A group of shareholders in bankrupt U.S. Concrete Inc. have contended that management negotiated a “highly biased” deal with creditors that needlessly cuts into recovery for equity holders, and are demanding an official committee to represent their interests.
U.S. Attorney for the Southern District of California Karen P. Hewitt will join Jones Day's San Diego office as a partner in its trial practice after 18 years in public service.
Ogletree Deakins Nash Smoak & Stewart PC has added two seasoned class and collective action litigators to its ranks from Ashe Rafuse & Hill LLP.
A federal judge has conditionally certified another group of PricewaterhouseCoopers LLP audit associates who say they were unfairly denied overtime pay, expanding the employees' class action to new lines of the company's business.
The daughter of Fred Astaire is asking a federal judge to toss a suit brought by his second wife that would prevent a New York awards show honoring the late dancing legend from going on.
A former chief financial officer of Maxim Integrated Products Inc. has asked a judge to toss a suit in which he was found liable for fraud, saying the U.S. Securities and Exchange Commission was inconsistent in the claims it brought against him and another executive concerning an alleged options backdating scheme.
A judge has given final approval to a settlement between Becton Dickinson & Co. and employees accusing the medical supply company of misclassifying certain workers as overtime exempt.
A federal judge has thrown out a master complaint filed by dozens of California Union 76-brand gas station franchises accusing brand owner ConocoPhillips Co. of unlawfully jacking up their rent and charging credit card processing fees for each transaction.
A federal judge has shot down Abbott Laboratories' bid for an interlocutory appeal of her decision not to dismiss claims from four suits accusing the pharmaceutical company of illegally jacking up the price for its HIV drug Norvir.
A federal appeals court has upheld the dismissal of a one-time Gap Inc. applicant who accused the retailer and information management firm Vangent Inc. of negligence after the theft of a Gap laptop computer that contained his Social Security number and those of thousands of others.
The U.S. Supreme Court has declined to hear the city of Los Angeles' case asserting that a neighboring county’s ban on biosolid fertilizer produced from the city’s waste is unconstitutional.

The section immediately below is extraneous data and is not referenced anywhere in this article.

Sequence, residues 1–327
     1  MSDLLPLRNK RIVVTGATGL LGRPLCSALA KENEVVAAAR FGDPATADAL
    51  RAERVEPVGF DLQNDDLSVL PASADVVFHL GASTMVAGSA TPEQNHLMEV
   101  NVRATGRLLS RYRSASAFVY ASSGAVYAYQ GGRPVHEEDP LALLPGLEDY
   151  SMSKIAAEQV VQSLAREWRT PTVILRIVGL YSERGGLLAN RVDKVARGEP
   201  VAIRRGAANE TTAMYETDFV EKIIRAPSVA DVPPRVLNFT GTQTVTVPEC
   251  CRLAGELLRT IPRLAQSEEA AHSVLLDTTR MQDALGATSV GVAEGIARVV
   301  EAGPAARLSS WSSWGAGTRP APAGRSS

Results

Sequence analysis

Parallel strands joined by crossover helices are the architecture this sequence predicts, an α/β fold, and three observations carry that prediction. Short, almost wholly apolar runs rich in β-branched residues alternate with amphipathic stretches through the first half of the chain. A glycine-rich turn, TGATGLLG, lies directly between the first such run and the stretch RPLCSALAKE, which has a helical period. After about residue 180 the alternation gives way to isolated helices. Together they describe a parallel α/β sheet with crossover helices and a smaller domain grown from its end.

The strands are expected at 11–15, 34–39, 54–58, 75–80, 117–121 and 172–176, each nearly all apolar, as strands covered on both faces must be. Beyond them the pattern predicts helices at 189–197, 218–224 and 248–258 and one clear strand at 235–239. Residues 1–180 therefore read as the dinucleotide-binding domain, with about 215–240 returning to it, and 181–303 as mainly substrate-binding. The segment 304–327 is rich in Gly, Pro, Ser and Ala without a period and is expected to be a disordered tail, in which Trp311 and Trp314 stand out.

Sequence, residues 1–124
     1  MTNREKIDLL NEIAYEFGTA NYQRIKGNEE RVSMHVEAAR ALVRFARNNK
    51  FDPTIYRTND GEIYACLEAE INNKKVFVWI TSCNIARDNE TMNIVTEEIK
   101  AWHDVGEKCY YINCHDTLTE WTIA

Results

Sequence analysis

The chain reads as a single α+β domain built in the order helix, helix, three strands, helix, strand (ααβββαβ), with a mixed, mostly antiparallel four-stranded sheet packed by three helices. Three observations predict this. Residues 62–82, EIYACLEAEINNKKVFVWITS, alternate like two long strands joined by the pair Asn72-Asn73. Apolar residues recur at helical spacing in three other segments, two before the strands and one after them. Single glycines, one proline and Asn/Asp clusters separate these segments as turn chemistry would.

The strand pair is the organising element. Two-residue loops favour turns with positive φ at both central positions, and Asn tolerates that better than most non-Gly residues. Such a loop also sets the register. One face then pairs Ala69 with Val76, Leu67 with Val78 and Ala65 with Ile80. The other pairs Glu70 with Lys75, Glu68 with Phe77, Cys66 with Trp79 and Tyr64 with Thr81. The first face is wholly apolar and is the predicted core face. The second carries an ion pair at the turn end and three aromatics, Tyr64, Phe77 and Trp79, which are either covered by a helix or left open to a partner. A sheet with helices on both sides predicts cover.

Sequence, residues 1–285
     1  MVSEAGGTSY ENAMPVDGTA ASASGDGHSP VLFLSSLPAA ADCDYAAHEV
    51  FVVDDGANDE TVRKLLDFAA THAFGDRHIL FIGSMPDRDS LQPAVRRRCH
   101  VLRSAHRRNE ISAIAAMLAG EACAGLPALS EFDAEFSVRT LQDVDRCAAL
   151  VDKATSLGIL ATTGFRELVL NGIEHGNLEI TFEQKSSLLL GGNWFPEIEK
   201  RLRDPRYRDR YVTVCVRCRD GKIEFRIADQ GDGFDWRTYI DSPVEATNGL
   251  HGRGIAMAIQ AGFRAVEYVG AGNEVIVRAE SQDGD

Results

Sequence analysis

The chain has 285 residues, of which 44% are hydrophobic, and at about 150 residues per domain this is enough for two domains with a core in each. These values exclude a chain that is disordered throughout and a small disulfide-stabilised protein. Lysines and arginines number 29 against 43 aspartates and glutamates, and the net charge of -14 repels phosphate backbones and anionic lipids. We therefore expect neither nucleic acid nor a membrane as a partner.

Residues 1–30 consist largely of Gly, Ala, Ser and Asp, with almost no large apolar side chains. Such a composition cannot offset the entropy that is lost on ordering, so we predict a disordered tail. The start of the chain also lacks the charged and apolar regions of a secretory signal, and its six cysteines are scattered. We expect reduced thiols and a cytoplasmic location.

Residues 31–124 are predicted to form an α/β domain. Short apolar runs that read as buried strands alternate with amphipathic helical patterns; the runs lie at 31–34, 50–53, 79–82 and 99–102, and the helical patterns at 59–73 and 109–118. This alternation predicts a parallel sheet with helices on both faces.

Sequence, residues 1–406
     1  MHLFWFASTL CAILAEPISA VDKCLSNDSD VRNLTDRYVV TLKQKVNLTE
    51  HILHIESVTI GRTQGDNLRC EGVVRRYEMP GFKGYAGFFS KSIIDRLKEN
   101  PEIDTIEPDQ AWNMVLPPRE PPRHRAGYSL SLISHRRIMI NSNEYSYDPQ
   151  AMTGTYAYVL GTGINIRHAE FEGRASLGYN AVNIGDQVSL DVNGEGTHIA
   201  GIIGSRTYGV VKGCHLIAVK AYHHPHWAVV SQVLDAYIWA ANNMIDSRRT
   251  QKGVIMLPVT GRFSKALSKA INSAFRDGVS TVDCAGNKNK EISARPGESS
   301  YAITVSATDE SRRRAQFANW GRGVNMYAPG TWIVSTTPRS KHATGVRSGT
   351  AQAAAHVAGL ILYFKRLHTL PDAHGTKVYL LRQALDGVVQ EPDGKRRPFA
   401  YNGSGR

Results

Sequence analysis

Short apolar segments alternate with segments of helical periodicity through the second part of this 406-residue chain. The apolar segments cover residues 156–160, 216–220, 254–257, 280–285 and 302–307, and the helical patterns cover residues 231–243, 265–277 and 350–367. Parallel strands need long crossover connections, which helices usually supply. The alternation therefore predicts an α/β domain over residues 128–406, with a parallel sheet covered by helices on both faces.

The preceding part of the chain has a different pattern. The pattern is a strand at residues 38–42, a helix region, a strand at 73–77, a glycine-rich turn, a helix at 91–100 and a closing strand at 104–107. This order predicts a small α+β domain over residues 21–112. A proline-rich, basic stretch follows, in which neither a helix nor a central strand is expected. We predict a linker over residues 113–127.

Citing fatal deficiencies in the complaint, a federal judge has given an ice cream distributor a chance to recast allegations that Dreyer’s Grand Ice Cream Inc.’s exclusive distribution agreement violated racketeering and antitrust laws.
Health product maker CCA Industries Inc. has agreed to pay $2.5 million to settle a class action accusing the company of making bogus claims that its popular Mega-T dietary supplement could lead to weight loss of as much as two pounds per week.
If a judge upholds a finding that a California Republican assemblyman's campaign ads infringed copyrighted songs by The Eagles founder Don Henley and others, it would limit a great deal of political speech protected by the First Amendment, the politician’s attorney said Tuesday.
Bankrupt oil company Flying J Inc. has filed an updated version of its reorganization plan that contemplates paying off all creditors in cash and reinstating the debtors' equity, saying in court papers that it is on the brink of emerging from Chapter 11.
A bankruptcy judge has ordered plaintiffs to halt progress in six product liability suits against the reorganized General Motors LLC, saying the automaker’s sale agreement generally bars the claims despite potential ambiguities.
GlaxoSmithKline PLC has settled the first suit set for trial in widespread litigation accusing the drugmaker of concealing the risks associated with its prescription diabetes medication Avandia.
Citing his own conflicts of interest, a judge has severed Texaco Inc. and Union Oil Co. of California from a suit against the U.S. over cleanup costs at a California Superfund site, ordering remaining plaintiffs Shell Oil Co. and Atlantic Richfield Co. to split $64 million in damages arising from World War II-era gas contracts.
A California appeals court has handed a win to three investor-owned utilities in an ongoing contractual dispute over whether the utilities overpaid defendant Arizona Electric Power Cooperative Inc. to keep the lights on during the state's 2000 energy crisis.
In the first courtroom tangle in multidistrict litigation over claims related to allegations of sudden unintended acceleration problems with Toyota Motor Corp.'s vehicles, a federal judge reportedly ruled Friday that the automaker must give the plaintiffs the documents it has already turned over to Congress.